• Publications
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Hypersensitivity of DJ-1-deficient mice to 1-methyl-4-phenyl-1,2,3,6-tetrahydropyrindine (MPTP) and oxidative stress.
DJ-1 protects against neuronal oxidative stress, and loss of DJ-1 may lead to Parkinson's disease by conferring hypersensitivity to dopaminergic insults. Expand
Do early-life events permanently alter behavioral and hormonal responses to stressors?
It is suggested that genetic factors may influence dam–pup interactive styles and may thus proactively influence the response to subsequent stressors among vulnerable animals, in contrast, in relatively hardy animals the early‐life manipulations may have less obvious effects. Expand
Religiosity as Identity: Toward an Understanding of Religion From a Social Identity Perspective
Consideration of religion’s dual function as a social identity and a belief system may facilitate greater understanding of the variability in its importance across individuals and groups. Expand
Stress, depression, and anhedonia: Caveats concerning animal models
This review provides caveats concerning etiologically valid animal models of depression, focusing on characteristics of the depressive subtype being examined, and factors that contribute to the interindividual behavioral variability frequently evident in stressor-related behavioral paradigms. Expand
The intergenerational effects of Indian Residential Schools: Implications for the concept of historical trauma
These findings provide empirical support for the concept of historical trauma, which takes the perspective that the consequences of numerous and sustained attacks against a group may accumulate over generations and interact with proximal stressors to undermine collective well-being. Expand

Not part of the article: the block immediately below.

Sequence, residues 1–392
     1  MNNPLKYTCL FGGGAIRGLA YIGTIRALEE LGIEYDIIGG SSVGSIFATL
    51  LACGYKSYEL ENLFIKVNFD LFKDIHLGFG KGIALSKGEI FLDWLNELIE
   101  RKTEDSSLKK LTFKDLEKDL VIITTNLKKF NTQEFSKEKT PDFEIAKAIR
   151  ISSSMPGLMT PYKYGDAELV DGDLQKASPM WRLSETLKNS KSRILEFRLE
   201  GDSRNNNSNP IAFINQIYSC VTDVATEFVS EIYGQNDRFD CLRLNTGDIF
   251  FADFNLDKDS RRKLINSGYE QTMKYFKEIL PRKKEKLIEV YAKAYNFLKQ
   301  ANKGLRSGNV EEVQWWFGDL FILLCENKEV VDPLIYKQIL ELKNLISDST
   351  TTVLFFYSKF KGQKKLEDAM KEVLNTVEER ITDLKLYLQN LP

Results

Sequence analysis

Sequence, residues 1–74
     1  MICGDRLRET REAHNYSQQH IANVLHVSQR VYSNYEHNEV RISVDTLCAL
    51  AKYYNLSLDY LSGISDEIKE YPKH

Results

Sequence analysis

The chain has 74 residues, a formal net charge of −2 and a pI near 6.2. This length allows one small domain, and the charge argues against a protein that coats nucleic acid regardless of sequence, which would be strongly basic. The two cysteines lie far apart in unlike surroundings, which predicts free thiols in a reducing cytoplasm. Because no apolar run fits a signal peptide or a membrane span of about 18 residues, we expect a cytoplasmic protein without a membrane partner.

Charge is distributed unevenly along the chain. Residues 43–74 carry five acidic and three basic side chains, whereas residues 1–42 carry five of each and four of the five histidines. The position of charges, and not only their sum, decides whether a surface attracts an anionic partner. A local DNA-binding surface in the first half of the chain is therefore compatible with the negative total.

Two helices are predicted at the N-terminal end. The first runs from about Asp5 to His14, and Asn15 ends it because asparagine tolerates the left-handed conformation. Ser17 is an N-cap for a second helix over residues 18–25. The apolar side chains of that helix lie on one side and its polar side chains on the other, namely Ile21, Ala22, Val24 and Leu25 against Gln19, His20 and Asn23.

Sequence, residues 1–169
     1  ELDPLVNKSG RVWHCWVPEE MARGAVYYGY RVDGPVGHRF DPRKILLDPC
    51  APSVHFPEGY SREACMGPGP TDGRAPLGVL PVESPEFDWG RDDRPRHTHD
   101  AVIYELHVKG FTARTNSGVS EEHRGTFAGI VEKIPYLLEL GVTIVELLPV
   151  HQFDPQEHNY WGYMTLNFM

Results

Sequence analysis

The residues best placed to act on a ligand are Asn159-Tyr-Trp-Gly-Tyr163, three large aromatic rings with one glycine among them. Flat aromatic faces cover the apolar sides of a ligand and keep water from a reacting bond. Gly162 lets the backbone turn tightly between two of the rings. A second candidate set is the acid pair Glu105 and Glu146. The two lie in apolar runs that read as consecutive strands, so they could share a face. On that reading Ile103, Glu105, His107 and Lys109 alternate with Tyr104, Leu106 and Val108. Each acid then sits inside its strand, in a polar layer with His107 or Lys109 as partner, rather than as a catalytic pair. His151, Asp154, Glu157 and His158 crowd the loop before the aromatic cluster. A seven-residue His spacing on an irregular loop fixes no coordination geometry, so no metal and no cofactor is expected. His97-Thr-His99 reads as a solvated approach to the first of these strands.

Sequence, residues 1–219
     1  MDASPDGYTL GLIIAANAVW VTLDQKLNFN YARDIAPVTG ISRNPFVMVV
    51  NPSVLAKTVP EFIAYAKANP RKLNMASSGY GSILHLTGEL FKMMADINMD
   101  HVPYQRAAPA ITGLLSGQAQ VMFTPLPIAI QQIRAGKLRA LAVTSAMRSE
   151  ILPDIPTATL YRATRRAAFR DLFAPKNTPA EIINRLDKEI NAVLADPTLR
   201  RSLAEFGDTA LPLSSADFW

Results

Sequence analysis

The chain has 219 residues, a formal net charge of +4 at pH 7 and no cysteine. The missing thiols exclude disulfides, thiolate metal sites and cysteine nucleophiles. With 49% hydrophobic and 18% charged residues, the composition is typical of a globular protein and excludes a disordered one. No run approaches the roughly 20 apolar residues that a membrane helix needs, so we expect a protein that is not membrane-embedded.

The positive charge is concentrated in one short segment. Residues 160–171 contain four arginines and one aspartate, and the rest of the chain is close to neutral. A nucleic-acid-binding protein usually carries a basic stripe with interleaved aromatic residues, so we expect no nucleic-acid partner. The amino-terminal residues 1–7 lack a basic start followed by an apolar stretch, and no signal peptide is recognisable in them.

Aversive and Appetitive Events Evoke the Release of Corticotropin-Releasing Hormone and Bombesin-Like Peptides at the Central Nucleus of the Amygdala
Results indicate that either food ingestion is interpreted as a “stressful” event by certain neural circuits involving the central amygdala or that the CRH- and BN-related peptidergic systems may serve a much broader role than previously envisioned. Expand
Calpain-Regulated p35/cdk5 Plays a Central Role in Dopaminergic Neuron Death through Modulation of the Transcription Factor Myocyte Enhancer Factor 2
Evidence is provided that calpain-p35-p25/cdk5-mediated inactivation of MEF2 plays a critical role in dopaminergic loss in vivo, and that “cdk 5 phosphorylation site mutant” ofMEF2D provides neuroprotection in an MPTP mouse model of PD. Expand
Cascading effects of stressors and inflammatory immune system activation: implications for major depressive disorder.
  • H. Anisman
  • Psychology, Medicine
  • Journal of psychiatry & neuroscience : JPN
  • 2009
This review provides synopses of the effects of traditional stressors on the release of corticotropin-releasing hormones at hypothalamic and extrahypothalamic sites, variations of serotonin and its receptors and changes of brain-derived neurotrophic factor (BDNF). Expand
Involvement of interferon-gamma in microglial-mediated loss of dopaminergic neurons.
It is reported here that PD patients express significantly elevated levels of IFN-gamma in their blood plasma, and the interactions between microglia and dopaminergic neurons in an in vitro mixedMicroglia/midbrain neuron rotenone-induced death paradigm suggest that IFN -gamma participates in death of dopamine neurons by regulating microglial activity. Expand
Endocrine and cytokine correlates of major depression and dysthymia with typical or atypical features
A role for interleukins may exist with respect to the pathophysiology of certain subtypes of depression, given that circulating cytokines influence neuroendocrine functioning, and may affect neurovegetative features. Expand